A lot can happen in a week. Seven days might not seem like much, but it can be an eternity in the tech news cycle.

Between Windows news, hardware and software developments and Microsoft's fast-paced movements throughout the technology landscape, it's never easy to keep your hand on the pulse of technology. Not to mention everything that's going on right here at Windows Central!

Every week we're going to compile the biggest stories into one post, so you never fall behind – In Case You Missed It (ICYMI).


1. Windows

Windows 10 continued its steady climb up the charts, claiming 9% of the overall PC operating system market in November. That is a gain of more than a full percentage point over the previous month. Windows 7 still owns the lion's share with over 56%.

In hopes of getting that 9% to rise even faster, Microsoft pushed out an update for Windows 7 and 8.1 that makes the upgrade process smoother by fixing previous issues.

"This update enables support for additional upgrade scenarios from Windows 7 to Windows 10, and provides a smoother experience when you have to retry an operating system upgrade because of certain failure conditions. This update also improves the ability of Microsoft to monitor the quality of the upgrade experience."

Kinect users got a nice surprise this week when Microsoft announced that you can now use Kinect and Windows Hello to sign in to Windows 10 using a new beta driver and a couple quick registry hacks. The news was sent out to developers in the Kinect SDK and test program via an email.

And Windows got a little help from its friends with the makers of Android emulator, BlueStacks, pushing out a huge update that lets you run multiple Android apps at once.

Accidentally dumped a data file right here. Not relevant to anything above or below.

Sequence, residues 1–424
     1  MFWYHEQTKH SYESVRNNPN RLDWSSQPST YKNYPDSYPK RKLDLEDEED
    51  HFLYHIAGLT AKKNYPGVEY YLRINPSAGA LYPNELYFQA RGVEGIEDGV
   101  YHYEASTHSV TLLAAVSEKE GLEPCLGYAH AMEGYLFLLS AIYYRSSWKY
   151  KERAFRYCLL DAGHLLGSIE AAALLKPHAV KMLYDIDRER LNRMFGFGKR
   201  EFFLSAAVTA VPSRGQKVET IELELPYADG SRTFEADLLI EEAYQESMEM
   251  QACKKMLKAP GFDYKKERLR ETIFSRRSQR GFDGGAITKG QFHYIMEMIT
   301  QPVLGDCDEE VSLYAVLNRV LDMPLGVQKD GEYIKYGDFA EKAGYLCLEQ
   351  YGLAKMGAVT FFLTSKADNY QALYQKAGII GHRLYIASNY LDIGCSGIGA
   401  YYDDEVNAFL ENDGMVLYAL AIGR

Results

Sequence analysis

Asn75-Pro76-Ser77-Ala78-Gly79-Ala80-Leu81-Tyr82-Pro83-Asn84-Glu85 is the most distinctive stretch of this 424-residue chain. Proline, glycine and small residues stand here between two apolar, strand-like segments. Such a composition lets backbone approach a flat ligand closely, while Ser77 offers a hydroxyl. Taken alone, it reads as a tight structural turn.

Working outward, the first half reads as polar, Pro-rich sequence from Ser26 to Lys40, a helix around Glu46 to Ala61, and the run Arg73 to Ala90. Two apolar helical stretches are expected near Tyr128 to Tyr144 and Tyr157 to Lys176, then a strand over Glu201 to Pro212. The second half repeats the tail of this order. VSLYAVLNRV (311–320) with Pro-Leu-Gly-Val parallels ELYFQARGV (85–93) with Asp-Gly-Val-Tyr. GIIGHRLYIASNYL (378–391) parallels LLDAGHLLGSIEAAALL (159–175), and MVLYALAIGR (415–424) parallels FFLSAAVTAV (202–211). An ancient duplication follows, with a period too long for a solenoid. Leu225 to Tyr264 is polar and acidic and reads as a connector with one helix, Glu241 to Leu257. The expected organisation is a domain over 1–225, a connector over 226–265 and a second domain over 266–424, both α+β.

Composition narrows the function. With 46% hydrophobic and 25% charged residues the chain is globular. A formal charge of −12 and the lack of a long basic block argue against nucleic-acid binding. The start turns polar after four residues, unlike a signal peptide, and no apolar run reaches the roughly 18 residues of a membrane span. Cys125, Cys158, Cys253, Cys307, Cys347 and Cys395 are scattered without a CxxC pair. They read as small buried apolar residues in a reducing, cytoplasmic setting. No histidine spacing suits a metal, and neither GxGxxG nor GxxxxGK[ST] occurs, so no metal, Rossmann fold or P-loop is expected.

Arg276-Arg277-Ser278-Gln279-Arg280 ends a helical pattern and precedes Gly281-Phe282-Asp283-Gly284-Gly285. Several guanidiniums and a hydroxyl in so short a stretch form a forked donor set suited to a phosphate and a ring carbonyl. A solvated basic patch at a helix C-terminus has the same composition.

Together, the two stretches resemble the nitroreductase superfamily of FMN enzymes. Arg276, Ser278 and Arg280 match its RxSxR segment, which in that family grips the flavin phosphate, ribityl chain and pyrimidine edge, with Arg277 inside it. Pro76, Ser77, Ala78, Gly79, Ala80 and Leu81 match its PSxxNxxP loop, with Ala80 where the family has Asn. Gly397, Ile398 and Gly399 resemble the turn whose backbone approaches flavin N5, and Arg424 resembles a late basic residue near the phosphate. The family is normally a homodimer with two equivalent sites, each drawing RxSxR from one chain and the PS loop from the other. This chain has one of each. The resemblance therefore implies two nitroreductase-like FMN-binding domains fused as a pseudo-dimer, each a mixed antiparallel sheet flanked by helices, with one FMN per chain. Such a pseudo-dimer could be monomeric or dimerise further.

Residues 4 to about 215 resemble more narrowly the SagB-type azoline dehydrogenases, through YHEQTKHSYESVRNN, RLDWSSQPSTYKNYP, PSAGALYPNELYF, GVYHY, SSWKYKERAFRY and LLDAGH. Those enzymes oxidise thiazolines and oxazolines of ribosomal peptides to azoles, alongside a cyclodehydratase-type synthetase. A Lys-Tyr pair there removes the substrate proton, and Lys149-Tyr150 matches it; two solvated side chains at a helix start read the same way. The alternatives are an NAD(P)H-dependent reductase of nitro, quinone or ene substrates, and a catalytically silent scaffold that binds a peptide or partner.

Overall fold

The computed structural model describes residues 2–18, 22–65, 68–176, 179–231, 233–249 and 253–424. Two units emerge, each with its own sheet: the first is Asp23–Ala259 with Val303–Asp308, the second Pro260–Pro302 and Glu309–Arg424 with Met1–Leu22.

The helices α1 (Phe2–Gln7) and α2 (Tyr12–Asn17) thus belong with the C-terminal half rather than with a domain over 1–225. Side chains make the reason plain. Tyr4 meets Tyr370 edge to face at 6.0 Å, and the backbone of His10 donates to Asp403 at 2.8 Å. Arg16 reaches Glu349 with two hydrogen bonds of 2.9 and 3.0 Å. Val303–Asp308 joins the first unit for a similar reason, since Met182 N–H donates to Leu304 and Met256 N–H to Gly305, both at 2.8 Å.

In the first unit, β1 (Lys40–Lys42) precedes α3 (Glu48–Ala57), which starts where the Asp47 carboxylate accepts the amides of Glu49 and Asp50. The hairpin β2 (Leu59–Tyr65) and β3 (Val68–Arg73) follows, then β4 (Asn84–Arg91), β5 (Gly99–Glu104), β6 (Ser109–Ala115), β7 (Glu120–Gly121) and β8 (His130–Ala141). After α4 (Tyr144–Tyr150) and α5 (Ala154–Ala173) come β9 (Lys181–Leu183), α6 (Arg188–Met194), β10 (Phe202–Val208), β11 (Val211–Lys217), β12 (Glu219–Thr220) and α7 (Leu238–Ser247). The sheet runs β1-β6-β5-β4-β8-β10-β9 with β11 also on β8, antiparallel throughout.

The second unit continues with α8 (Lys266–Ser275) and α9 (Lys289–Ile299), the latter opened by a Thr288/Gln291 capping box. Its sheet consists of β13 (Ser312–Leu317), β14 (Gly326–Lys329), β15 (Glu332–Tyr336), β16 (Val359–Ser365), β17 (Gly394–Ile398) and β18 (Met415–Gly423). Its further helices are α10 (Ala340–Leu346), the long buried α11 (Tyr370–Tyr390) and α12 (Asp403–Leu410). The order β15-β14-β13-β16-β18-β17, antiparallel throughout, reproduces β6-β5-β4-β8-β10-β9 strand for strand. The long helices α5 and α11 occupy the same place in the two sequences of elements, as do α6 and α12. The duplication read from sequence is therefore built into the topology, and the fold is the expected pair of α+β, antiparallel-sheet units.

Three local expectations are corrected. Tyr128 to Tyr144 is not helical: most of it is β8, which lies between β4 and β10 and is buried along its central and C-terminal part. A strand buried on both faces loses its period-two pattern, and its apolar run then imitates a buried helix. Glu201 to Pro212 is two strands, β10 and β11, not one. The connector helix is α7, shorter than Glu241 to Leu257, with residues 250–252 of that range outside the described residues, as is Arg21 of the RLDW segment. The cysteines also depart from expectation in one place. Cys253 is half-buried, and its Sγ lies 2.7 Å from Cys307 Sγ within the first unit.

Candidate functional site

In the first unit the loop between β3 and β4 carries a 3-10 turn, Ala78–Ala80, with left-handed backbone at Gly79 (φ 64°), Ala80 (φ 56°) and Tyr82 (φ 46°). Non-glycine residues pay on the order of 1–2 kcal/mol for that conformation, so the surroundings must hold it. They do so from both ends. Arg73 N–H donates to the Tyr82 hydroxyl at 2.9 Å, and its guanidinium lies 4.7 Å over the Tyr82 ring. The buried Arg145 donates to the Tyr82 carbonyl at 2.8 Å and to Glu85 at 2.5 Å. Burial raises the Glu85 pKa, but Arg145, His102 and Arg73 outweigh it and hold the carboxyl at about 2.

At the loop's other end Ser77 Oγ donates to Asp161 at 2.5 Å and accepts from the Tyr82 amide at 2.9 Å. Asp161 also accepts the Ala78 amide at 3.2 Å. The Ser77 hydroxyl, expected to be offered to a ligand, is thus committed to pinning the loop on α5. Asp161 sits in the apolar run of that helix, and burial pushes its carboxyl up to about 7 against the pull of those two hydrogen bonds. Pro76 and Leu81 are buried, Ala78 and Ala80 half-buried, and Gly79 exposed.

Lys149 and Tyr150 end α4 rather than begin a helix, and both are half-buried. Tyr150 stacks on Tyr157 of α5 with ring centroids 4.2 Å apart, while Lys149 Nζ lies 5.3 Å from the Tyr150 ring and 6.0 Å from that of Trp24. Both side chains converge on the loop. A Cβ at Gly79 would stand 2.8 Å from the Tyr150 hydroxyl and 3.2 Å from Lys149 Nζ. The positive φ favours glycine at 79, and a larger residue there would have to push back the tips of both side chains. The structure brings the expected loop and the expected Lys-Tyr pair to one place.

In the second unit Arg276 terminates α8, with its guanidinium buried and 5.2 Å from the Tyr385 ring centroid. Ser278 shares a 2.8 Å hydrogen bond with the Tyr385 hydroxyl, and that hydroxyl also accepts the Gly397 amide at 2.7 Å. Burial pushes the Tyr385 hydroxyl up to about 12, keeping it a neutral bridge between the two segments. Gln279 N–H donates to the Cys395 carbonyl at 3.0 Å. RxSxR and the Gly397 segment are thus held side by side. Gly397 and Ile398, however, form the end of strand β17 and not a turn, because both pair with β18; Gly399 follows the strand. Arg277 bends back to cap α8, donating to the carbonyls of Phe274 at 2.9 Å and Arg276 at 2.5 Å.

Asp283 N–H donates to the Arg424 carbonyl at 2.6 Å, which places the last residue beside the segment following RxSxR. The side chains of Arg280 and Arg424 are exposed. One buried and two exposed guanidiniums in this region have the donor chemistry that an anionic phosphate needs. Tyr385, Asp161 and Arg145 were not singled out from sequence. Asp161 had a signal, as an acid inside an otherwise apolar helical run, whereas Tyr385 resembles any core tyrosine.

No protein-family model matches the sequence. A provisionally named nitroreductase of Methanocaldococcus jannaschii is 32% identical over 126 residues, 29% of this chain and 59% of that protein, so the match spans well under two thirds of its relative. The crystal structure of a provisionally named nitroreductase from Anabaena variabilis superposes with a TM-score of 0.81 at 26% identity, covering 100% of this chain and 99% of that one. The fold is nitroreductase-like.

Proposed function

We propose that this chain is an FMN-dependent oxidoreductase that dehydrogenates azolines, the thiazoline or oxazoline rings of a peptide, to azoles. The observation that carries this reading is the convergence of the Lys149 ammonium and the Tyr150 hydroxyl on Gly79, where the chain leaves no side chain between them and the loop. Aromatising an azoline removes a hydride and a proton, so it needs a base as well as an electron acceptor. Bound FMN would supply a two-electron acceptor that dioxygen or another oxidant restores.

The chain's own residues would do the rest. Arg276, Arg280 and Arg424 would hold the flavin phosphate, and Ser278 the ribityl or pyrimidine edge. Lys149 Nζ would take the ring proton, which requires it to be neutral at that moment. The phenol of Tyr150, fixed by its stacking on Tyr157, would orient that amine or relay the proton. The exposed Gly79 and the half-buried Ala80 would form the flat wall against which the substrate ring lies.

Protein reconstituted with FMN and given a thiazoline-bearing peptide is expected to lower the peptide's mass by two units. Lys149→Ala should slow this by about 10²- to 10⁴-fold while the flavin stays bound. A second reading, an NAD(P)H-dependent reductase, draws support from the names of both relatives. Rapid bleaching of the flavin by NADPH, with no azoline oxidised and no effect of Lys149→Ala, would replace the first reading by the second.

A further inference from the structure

Other notable items:


2. Microsoft

Surface Pro 4 and Surface Book owners saw one of their biggest gripes brought to an end. Microsoft pushed out an updated display driver, which should stop the display from hanging.

They are also working on fixing "sleep" issues with the Surface Pro 4 and Surface Book, but don't get too excited yet. A solution isn't expected until early 2016.

In HoloLens news, Microsoft laid off 60 HoloLens team members in Israel. The move, which affected thirty contract workers and thirty permanent employees, apparently comes after the decision to develop HoloLens "through a different technology, produced in the United States."

Some HoloLens developers who have been given the opportunity to use it at home, have also been sharing their creations online to show people just what is possible.

But you don't have to be a developer to see your HoloLens ideas come to life. Microsoft is running a contest that could turn your HoloLens app idea into a reality.

They're also helping businesses create apps of a different kind with their newly-launched PowerApps initiative. PowerApps makes it easy for businesses to develop apps for Windows, iOS, and Android and connect them to services like Office 365 and Salesforce.

And 'tis the season for brotherly love. A new ad shows Microsoft Store and Apple Store employees hugging it out in NYC for Christmas.

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3. Miscellaneous

Adobe updated its Creative Cloud suite with a new user interface that sports a Start screen. They also rebranded Flash Professional as Adobe Animate CC and launched a 3D modeling application called Fuse.

Nokia completed the sale of its HERE Maps division well ahead of schedule. The $3 billion deal with Audi, BMW and Daimler was initially set to conclude in the first quarter of 2016.

Three technology manufacturers are considering joining forces to compete better in that tough market. Toshiba, Fujitsu and Vaio may merge their PC divisions into one company.

And on a musical note (see what I did there?), game maker Harmonix has teamed up with Oculus for Rock Band VR. The next installment of the popular video game will make you feel like you're really playing on stage.

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Share your thoughts on this past week of news! And we'll be back again next week to do it all over again.